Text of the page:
Last month, 106 Lutheran schools were accredited by the National Lutheran School Accreditation (NLSA), bringing to 602 the number of schools that have earned that distinction.
Meeting Aug. 3-5 in St. Louis, 36 NLSA commissioners approved accreditation for nine high schools, 87 elementary schools, and 10 preschools.
NLSA — a program of LCMS District and Congregational Services — School Ministry — has served Synod schools since 1986. NLSA’s commissioners are consultants from all 35 LCMS districts and its national director (currently Terry Schmidt of LCMS School Ministry).
NLSA’s mission statement says that it “encourages and recognizes schools that provide quality education and engage in continuous improvement.”
Schmidt described NLSA accreditation as “a necessary tool today for our schools in their marketing efforts.”
He said that other private and public school systems, as well as regional school-accrediting agencies, recognize NLSA accreditation as “a mark of excellence.”
“In order to become accredited,” Schmidt said, “schools must undergo a strenuous yearlong self-study process, based on standards designed specifically for Lutheran schools. Following the self-study, a team of objective educators, under the direction of a trained team captain, conducts an on-site assessment of the school, validating the self-study report and making a recommendation regarding the school’s accreditation status. That recommendation is passed along to the LCMS District Accreditation Commission for further review and recommendation. The final decision regarding accreditation is made by the National Accreditation Commission at its annual meeting in St. Louis.”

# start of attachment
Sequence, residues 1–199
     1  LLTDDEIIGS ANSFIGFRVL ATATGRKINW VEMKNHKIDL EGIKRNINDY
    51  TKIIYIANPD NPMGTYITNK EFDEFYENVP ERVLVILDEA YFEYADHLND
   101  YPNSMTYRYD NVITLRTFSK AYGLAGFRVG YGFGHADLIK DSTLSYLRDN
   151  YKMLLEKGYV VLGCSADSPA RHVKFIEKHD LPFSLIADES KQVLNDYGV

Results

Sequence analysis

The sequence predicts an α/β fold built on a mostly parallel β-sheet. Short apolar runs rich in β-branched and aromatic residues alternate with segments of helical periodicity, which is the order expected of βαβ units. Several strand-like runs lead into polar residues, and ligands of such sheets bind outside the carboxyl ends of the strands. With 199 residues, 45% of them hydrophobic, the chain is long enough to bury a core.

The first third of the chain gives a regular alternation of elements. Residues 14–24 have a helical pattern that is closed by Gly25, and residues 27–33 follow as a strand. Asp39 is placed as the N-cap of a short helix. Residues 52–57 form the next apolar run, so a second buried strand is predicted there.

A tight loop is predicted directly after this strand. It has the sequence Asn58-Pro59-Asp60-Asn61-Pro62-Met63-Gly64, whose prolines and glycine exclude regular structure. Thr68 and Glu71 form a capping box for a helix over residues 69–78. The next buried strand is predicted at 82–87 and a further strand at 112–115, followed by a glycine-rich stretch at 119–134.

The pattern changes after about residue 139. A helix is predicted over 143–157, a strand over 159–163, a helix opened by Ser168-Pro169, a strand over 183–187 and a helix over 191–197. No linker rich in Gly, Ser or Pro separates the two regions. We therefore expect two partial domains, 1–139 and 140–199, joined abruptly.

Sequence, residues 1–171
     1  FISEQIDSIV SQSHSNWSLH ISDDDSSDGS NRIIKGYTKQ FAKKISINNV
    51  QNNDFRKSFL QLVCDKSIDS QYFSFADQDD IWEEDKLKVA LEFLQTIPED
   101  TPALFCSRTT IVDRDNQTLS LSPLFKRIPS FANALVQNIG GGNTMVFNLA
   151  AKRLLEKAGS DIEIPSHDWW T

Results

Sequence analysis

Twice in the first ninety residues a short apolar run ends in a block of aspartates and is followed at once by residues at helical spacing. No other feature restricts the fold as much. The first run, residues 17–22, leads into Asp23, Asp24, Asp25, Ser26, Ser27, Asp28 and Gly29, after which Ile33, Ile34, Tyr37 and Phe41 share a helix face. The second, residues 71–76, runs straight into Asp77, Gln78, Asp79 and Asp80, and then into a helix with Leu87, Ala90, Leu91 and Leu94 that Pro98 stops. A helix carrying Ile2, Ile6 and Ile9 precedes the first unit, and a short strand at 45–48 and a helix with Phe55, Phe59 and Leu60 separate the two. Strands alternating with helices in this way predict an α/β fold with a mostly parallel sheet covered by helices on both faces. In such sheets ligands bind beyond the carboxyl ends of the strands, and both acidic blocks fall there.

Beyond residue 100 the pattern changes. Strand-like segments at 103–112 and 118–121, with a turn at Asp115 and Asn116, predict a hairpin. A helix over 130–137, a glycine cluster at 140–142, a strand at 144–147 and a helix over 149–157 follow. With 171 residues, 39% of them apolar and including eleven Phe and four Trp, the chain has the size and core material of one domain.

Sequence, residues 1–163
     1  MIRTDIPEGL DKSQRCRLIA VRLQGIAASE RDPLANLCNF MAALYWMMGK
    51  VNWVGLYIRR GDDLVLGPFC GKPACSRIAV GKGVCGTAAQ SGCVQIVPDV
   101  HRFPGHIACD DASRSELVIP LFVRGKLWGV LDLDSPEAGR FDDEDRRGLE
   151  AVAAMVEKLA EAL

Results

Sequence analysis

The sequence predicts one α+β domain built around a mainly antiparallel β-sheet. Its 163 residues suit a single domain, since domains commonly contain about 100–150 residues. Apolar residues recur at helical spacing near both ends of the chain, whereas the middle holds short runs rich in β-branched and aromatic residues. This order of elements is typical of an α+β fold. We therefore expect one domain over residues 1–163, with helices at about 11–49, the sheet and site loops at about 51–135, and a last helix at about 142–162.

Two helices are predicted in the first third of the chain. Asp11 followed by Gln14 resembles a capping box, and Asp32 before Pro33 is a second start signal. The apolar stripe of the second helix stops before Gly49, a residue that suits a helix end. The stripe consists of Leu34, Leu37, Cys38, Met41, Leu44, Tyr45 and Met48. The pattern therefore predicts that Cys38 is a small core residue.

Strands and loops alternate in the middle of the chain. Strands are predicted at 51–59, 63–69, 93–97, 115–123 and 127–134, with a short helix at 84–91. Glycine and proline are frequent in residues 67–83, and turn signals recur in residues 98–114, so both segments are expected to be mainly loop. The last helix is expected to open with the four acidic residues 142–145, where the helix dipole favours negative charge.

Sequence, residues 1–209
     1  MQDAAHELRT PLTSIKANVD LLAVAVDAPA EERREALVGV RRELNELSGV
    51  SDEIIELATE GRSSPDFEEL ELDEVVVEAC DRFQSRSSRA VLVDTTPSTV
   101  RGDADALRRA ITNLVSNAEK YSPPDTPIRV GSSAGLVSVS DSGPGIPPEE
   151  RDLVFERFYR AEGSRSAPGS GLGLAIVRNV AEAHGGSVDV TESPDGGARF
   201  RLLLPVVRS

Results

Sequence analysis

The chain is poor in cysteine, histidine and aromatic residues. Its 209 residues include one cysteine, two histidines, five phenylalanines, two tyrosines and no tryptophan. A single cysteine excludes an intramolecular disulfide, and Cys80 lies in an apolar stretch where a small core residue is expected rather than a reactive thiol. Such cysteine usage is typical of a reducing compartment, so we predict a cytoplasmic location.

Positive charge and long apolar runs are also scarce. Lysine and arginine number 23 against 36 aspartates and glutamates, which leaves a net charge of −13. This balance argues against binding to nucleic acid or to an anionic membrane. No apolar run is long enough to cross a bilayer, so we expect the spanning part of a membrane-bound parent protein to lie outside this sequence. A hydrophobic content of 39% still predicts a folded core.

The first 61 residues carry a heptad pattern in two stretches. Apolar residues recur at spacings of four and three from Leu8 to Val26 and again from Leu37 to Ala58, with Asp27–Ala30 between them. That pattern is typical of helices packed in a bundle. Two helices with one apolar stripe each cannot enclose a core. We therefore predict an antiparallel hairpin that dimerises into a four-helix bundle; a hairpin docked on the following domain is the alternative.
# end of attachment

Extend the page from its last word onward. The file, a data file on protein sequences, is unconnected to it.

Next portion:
Schmidt said that since NLSA was established, “no other single program or process has done so much to improve the overall quality of Lutheran schools.”
Also during the annual meeting this year, NLSA commissioners:
- adopted a new mission statement and strategic plan that “charts a positive course for the future,” according to Schmidt.
- approved changes to the accrediting process that include adoption of new required standards with indicators of success. Schmidt said a new rating scale “will allow the site visitation team to ensure that a school has complied with the elements of each required standard.”
- elected Scott Bell of Mequon, Wis., as NLSA secretary.
For more information about NLSA, contact Schmidt at firstname.lastname@example.org or (314) 996-1292.
Posted Sept. 1, 2006